Monday, 28 January 2013

Storm damage

A messy affair
I discovered a downside to glasshouses when I pulled up the blind this find a trail of splintered broken glass on the ground. It's been a blustery few days but either overnight or some time today the wind found it's way into a corner of the glasshouse blowing down one of the largest wall panes.

I'm amazed to have missed the noise given that I sleep right next to it,and usually any high winds equals sleepless nights but Seamus has been hunting drafts and closing vents in a bit to make the house warmer with the end result that I am now sleeping through the most violent of storms and missing all the drama outside.

Rover style dog
Replacing the glass is not so bad, picking up the broken bits is by far he biggest pain in the arse. To top if off our neighbours daft dog Charlie (a King Charles Spaniel)has been visiting in the last few days,(to shit on the lawn the fecker) and to bark at me in my own driveway as I drive in!-how insulting is that???. And to think I have voluntarily taken him for walks!! He's a bit accident prone, so I had better pick it all up before he comes back over and cuts himself on it (if he does I will be the asshole for having glass lying around don't you know?).I have met a few of these King Charles over the years and lets just say there is a better chance of getting a cat to win a table quiz than to get them to do anything remotely intelligent!. Of all the dog breeds, they could carry off the trophy for sheer stupidity. No doubt someone will contradict me on this. If you have met a stupider dog be sure to add a comment! We were reared with trained cattle dogs and Labradors at home. Dogs that could buy and sell you. One of our best dogs"Rover"( a mongrel with alsation/collie mixed blood by the look of him) was even the "King" of all the local dogs. My neighbour saw him on a wall with all the other neighbourhood dogs at his feet commanding a dog meeting one evening.I bet the King Charles didn't even know a meeting was on!!

idiot dog trap
If anyone else in East Limerick has lost a pane or two yesterday or today my man with a glass replacement plan is Martin Begley. Great rates, prompt service- highly recommend him.

Tuesday, 22 January 2013

Starting to sow this week using the Moon calendar

Freezing fields on the road to Herbertstown from Old Pallas
Whatever about icy fields and freezing fog the sowing year is about to begin! I don't usually begin in January but this year I have the Glasshouse and inspired by Eileen I am going to try sowing earlier indoors with heat and transfer everything out to the Glasshouse as soon as they are up. She reckons her glasshouse has increased her output to three times what it was! Having three gardens to fill instead of one this year I hope it will help me be more productive too.This week I plan to get started with onions from seed, tomatoes, chilli's, peppers, sweet peas, broad beans, summer sprouting broccoli, flowers for summer and the earliest salad greens for under cover.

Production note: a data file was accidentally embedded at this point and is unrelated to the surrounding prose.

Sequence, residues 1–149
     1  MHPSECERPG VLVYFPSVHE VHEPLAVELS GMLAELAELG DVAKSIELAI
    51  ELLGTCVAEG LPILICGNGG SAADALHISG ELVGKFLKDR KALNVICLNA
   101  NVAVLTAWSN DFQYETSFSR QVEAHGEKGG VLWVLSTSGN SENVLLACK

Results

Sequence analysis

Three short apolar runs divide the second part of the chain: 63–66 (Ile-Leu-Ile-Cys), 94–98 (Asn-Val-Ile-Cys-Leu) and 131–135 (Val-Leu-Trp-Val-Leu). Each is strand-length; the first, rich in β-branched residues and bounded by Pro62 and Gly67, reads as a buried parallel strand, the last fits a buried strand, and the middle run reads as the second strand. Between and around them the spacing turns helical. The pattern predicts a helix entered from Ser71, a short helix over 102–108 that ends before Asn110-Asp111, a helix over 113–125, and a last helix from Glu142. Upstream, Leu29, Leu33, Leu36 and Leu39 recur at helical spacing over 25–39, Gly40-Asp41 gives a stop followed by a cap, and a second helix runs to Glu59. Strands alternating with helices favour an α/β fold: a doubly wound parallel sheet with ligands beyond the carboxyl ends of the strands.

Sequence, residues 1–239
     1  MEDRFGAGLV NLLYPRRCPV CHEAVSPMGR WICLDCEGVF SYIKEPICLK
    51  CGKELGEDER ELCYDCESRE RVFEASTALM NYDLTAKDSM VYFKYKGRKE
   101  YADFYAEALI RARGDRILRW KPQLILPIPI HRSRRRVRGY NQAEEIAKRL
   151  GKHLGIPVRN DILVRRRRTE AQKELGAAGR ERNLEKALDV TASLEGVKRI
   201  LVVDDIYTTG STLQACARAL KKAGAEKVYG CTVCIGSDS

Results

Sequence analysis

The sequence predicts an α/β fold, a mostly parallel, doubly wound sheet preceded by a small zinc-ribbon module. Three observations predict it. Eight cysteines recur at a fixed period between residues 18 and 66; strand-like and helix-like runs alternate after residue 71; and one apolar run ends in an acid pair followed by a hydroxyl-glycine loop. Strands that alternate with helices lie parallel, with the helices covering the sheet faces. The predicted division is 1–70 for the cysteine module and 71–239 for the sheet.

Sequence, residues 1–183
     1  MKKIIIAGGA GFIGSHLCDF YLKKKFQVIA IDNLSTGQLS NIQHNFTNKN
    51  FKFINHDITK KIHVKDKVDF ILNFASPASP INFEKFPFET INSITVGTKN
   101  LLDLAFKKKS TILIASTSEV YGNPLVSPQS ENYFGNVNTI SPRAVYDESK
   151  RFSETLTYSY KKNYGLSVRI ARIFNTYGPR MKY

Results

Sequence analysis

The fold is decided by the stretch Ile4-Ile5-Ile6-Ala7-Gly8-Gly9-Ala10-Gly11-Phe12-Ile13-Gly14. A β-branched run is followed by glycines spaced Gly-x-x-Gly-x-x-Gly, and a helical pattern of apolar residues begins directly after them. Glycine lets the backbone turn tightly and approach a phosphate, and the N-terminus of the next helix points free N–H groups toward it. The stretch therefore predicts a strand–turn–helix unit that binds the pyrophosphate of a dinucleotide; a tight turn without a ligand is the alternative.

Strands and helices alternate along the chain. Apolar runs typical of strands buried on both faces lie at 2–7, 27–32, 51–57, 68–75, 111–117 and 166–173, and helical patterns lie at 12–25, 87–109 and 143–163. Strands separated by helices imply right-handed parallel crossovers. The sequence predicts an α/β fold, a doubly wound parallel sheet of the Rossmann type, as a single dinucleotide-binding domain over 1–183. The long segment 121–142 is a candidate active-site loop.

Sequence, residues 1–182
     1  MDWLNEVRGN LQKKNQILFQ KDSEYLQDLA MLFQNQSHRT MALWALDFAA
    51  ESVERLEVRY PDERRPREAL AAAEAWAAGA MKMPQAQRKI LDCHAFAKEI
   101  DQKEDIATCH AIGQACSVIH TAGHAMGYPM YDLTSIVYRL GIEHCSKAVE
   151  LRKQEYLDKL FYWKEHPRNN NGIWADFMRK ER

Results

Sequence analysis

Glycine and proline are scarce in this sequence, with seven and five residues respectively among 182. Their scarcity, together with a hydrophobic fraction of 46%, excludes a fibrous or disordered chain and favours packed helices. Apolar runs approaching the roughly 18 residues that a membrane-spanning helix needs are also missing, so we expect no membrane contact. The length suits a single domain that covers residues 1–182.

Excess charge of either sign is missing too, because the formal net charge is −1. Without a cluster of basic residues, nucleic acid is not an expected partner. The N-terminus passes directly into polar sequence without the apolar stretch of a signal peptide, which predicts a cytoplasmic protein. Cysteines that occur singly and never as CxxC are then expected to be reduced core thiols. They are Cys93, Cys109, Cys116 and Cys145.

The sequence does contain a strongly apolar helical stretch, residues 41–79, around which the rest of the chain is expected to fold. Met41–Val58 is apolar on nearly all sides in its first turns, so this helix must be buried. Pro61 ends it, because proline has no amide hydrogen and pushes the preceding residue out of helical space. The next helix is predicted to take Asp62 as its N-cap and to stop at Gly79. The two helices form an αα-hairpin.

I use the biodynamic calendar as much as I can for doing my seed sowing . One reason I like it is that it organises me into having to sow things at particular times and that greatly helps me to keep on track with my sowing each month.The other reason I use it is that it works! I have had great success with plants sown on these days.They are healthy, strong and produce well. A lunar phase for sowing using the moon calendar starts on this Wednesday January 23rd and will last until 5th February. If you sow nothing else and you have a packet of onion seeds it is worth giving them a go. This is what the coming week looks like;

Wed Jan 23rd Root all day
Thu 24/Fri 25th Flower
Sat 26th Root to 8 am Leaf from 9am on
Sunday 27th Leaf all day
Monday 28/Tue29/ Fruit all day
Wed 30th Fruit to 5pm Root from 6pm

All of this information is contained within the Biodynamic Sowing and Planting calendar for 2013 by Maria and Matthias Thun. You could work it out yourself but I couldn't be arsed and it's very handy to have it for quick reference. For anyone who is bamboozled on the groups think of the edible part of the plant as the bit that guides you for the planting days;

On Root days plant anything you harvest the root of, eg. onions, parsnips, carrots, potatoes, beetroot etc
On Flower days plant anything you harvest the flower of, eg. all flowers, broccoli, cauliflower etc
On Leaf days plant anything you harvest the leaves of, eg. herbs, salad leaves, spinach, cabbage family etc